For every mainstream testosterone-fueled rock group in the 1990s, there were girls who rivaled the boys. Nirvana's counterpart was Hole, Sublime was not unlike No Doubt, the Breeders were a spin on the Pixies and the Backstreet Boys competing with girl power concentrate, aka the Spice Girls.
The once male dominated rock 'n' roll scene was challenged by an uprising of women musicians, and the 1990s saw just what a women with a guitar and ideas could do.
Below are five rock goddesses who're still jamming their way into our hearts.
Shirley Manson of Garbage
Garbage is a special breed of slick '90s alt-rock and frontwoman Shirley Manson — yes, that's her birth name — is what we needed then and especially now. Manson can sing, talk and belt out angsty lyrics without sounding like a Hot Topic-dwellers diary and, most importantly, Garbage can do whatever they want without being labeled as sell-outs. There's no other edgy band that can perform the James Bond theme song in the height of their success, or have Manson as a playable character in Guitar Hero 5 (the same game where Kurt Cobain was also a playable character who "rocked" out to Bon Jovi) without batting an eyelash. While they're still releasing new albums and consistently touring, their 1995 debut Garbage will always be a landmark accomplishment, not just because it featured a fierce female singer, but as an example of how to craft a damn good rock/pop song.
Check out Garbage when they rock the Majestic Theatre September 11 at 7pm on their Strange Little Birds Tour. Tickets can be found here and the prices range from $39.50 - $49.50.
Kathleen Hanna's official website
Kathleen Hanna/Bikini Kill
As the textbook example of riot grrrl and third-wave feminism pioneers, Bikini Kill showed the raw power of pissed off punks against misogyny and discrimination. Even with other brilliant and radical feminist bands such as Bratmobile and Sleater-Kinney on the scene, Bikini Kill and their singer Kathleen Hanna took both male chauvinist and the punk scene as a whole by the balls. Bikini Kill is no longer, but Hanna's other successful projects (Le Tigre and Julie Ruin) are enough grrrl power to last even after the developing fourth wave feminism movement.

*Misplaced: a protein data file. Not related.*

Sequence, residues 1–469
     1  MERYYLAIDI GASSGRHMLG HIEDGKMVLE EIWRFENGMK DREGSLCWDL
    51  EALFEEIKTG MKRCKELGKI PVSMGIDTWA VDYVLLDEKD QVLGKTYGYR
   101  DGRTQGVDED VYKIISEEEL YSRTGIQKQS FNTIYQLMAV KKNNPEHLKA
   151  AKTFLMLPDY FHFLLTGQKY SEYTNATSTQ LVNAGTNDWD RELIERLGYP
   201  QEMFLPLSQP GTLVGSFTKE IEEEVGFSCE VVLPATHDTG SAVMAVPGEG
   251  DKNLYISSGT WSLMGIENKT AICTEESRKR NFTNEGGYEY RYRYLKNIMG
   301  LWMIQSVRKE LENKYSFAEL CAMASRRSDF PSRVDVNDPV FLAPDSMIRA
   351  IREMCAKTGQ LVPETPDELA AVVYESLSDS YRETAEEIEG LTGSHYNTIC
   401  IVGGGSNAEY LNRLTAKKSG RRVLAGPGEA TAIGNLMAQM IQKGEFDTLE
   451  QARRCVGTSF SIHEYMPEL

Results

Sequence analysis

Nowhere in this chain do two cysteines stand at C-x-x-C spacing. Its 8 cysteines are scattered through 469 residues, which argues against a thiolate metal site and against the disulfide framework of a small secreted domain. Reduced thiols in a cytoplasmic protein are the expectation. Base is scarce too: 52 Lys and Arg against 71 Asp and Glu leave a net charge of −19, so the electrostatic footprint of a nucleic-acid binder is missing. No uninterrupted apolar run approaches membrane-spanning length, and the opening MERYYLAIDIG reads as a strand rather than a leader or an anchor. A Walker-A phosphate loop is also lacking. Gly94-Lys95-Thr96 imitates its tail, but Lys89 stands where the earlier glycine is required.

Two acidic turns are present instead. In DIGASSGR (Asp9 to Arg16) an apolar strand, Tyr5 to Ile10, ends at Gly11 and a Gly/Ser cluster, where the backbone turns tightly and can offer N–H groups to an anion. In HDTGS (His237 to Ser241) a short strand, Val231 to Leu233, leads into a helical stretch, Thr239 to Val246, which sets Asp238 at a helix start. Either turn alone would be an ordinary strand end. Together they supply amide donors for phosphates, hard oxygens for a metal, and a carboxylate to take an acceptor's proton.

Courtney Love's official Facebook Page
Courtney Love in 1999
Courtney Love of Hole
Tabloid fodder Courtney Love was once the center of '90s adoration with her band Hole and as the queen to King Kurt Cobain's grungy throne. Now, she's a murder suspect in in the docudrama Soaked in Bleach. When Love's not the subject of conspiracies, lawsuits and threatening to slap SA Current writers, she's toured with Lana Del Rey and randomly releases new music. There's nothing wrong with drugged-out hot messes as long as no one's killed, right?
Still from "Don't Speak"
Gwen Stefani of No Doubt
In 2016, the name Gwen Stefani brings up an almost anti-rock image. Who knew that the kitschy blonde singer of No Doubt would evolve into the woman with too much Botox from the Voice. Back in the day, she was headstrong and punker than ska-punk. Their song "Just A Girl" - although less radical than Bikini Kill's message - sparked a suburban girl power revolution. Even with Stefani routinely making the cover of People and US Weekly with her beau Blake Shelton, she'll always be a fresh-faced ska-punk princess to 90s-philes.
Still from "Cannonball"
Kim Deal of the Breeders and Pixies
It hard for Kim Deal to not be synonymous with Kurt Cobain. After Pixies broke up - rumored that the tension between Deal and Black Francis was the cause - Kim, along with her new bandmates, made Pod, a Steve Albini produced masterpiece that didn't see commercial success. Enter Cobain, known champion for under-appreciated indie groups, to give the Breeders exposure. After their tour with Nirvana, the Breeders found the coveted starving artist's dream with Last Splash, producing summertime hit, "Cannonball." Kim Deal is a low-key kind of rockstar, and rightfully earns the truest song title ever: "Cool as Kim Deal"
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